DUKA few weeks ago I was very lucky to be invited to speak at the annual Diabetes UK Professional conference. I do not have any involvement in Diabetes in my professional life and as a consequence I very much felt like I was attending as a patient, who happened to be a nurse, and the conference almost felt like it had been ‘flipped’ for me; I was an outsider looking in. (Here is the link to our presentation on Social media).

I am more used to being a more integral part of a conference these days and even though on this occasion I was also a speaker it felt very different. I was there in my own time, rather than as a professional, so that was part of it, but it led me to see the conference through a new lens.

I have noticed before how people who have a long term conditions are often referred to by professionals and always had a sense of unease. For example overhearing a doctor refer to ‘the diabetics in the clinic’ makes it sound like those people are a separate species, almost a sub- species, that the professional sees them as separate and different from themselves. This has long led me to think about labelling theory and how it might apply in these contexts.

DiabetesAt the conference I yet again experienced this dissonance around the use of language. People with Diabetes referred to as ‘Diabetics’, ‘Subjects’ (of research), and cohorts. That data points were not really about people but abstract concepts that are of interest. This type of language seems to place these people outside of what everyone else ‘is’ and although labelling theories seem to have fallen out of favour, I can see how certain groups are placed out of what might be considered as ‘normal’.

I am no sociologist and I hesitate to link my observations to any theories – I know someone will pull my thinking apart – but what I do know is that there is both a good part and a negative part of being labelled in this way.

Some people wear ‘Diabetic’ as a badge of honour. I understand why this might be so. It allows people who may be similar to group positively together and own that individual and group identity. Others, like me, see Diabetes as a part of themselves, but perhaps not the most significant, and prefer to be seen as person first (who happens to have x or y condition). There are many conditions where these language labels are used: Diabetic, Epileptic, Schizophrenic, Bulimic, Anorexic…..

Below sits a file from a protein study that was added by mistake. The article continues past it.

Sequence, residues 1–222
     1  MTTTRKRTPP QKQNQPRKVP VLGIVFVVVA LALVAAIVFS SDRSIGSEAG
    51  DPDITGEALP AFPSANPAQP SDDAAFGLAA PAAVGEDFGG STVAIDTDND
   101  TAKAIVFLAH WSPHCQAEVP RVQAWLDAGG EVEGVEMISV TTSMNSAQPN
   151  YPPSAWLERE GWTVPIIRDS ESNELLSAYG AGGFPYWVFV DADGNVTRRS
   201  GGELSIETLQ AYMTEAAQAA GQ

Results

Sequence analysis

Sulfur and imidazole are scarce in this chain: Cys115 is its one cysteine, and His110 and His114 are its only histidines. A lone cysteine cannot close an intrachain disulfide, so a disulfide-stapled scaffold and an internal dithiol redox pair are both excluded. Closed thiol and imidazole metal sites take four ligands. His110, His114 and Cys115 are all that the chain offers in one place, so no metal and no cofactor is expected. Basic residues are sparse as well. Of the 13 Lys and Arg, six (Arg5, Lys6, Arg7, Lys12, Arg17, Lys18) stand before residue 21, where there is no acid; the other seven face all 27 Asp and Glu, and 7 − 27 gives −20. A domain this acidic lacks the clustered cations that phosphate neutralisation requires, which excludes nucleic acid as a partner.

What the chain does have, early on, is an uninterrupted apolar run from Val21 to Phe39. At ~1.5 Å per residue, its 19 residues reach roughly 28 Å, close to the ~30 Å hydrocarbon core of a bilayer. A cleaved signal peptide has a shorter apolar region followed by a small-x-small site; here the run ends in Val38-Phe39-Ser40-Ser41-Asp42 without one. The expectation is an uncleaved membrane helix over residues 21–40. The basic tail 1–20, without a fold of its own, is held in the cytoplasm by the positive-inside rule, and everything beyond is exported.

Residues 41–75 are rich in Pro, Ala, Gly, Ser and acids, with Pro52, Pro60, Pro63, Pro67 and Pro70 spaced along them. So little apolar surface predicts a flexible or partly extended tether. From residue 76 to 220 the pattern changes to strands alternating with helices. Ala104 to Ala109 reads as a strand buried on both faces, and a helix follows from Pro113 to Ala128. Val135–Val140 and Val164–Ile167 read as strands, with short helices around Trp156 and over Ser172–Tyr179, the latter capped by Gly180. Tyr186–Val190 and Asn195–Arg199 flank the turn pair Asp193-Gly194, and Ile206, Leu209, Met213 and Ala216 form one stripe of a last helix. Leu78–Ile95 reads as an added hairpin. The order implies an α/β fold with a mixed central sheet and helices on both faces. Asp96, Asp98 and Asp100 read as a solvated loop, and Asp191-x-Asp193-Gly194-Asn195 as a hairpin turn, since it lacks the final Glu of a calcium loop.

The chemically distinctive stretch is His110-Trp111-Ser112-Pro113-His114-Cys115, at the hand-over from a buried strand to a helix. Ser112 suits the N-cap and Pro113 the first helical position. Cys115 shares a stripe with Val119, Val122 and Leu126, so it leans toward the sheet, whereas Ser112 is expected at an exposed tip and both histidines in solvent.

Those who say labels don’t matter and its just the language we use are often people who have not experienced any stigma associated with a condition. My experiences are low level but nontheless present. When I was younger I never had to explain that I have T1 Diabetes, the assumption was I was young so I would be ‘one of those diabetics who injected’. Later in my life things changed, as a rotund middle aged woman, now I have actually been told ‘You should stay thin and then you wouldn’t be a Diabetic’. Other low level stigma includes conversations like ‘You shouldn’t be eating that (cake, chocolate, etc) should you?’

I feel labels don’t help, in fact they get in the way of empathetic relationships, they create a perception of what matters to the individual based on their condition. As Brene Brown says empathy is feeling ‘with’ the person and not applying judgements. I strongly believe that empathy should be person focussed not condition focussed.  I am, however, expressing a view that may not be popular and others may challenge. In a study by Ogden and Parkes (2013) they found no difference in the beliefs of those with and without Diabetes using the word ‘Diabetic’ vs ‘Person with Diabetes’ although they do recognise that their methods may have impacted the outcome as they used a scenario based assessment to test their theory.  I could probably have told them what they would find using this method. There is more evidence in mental health that labels are perceived as unacceptable – I think there is more debate in this area and also a deeper understanding of the impact of stigma.

labelr4jamjarsI know that not everyone holds my view but I believe #labelsr4jamjars – we should always say the person first ‘Annie with Diabetes’.  A long time ago, when I was a ward sister, we had labels we applied to beds to label the person in them ‘Diabetic’ in red letters. I didn’t like it even then and I removed these from the ward and talked to staff about how I expected everyone to know who happened to have diabetes and that the labels would not be reinstated.

As an anonymous person with diabetes at the conference I did wonder how far we had moved on. Looking at it from the outside, through a new lens, it did feel like we still had a long way to go.

Thank you to Dorcas Lambert for the inspiration and courage to write this blog – its been brewing for a while – here is her blog on the same.

‘A diabetic’ versus ‘a person with diabetes’: the impact of language on beliefs about diabetes’ Ogden J, Parkes K, (2013) Eur Diabetes Nursing 2013; 10 (3): 80-85


7 thoughts on “#labelsr4jamjars

  1. Interesting blog Anne one with obvious personal resonance which comes though. I feel labelling is a lazy way to communicate with patients and a shows a lack of respect to them as individuals.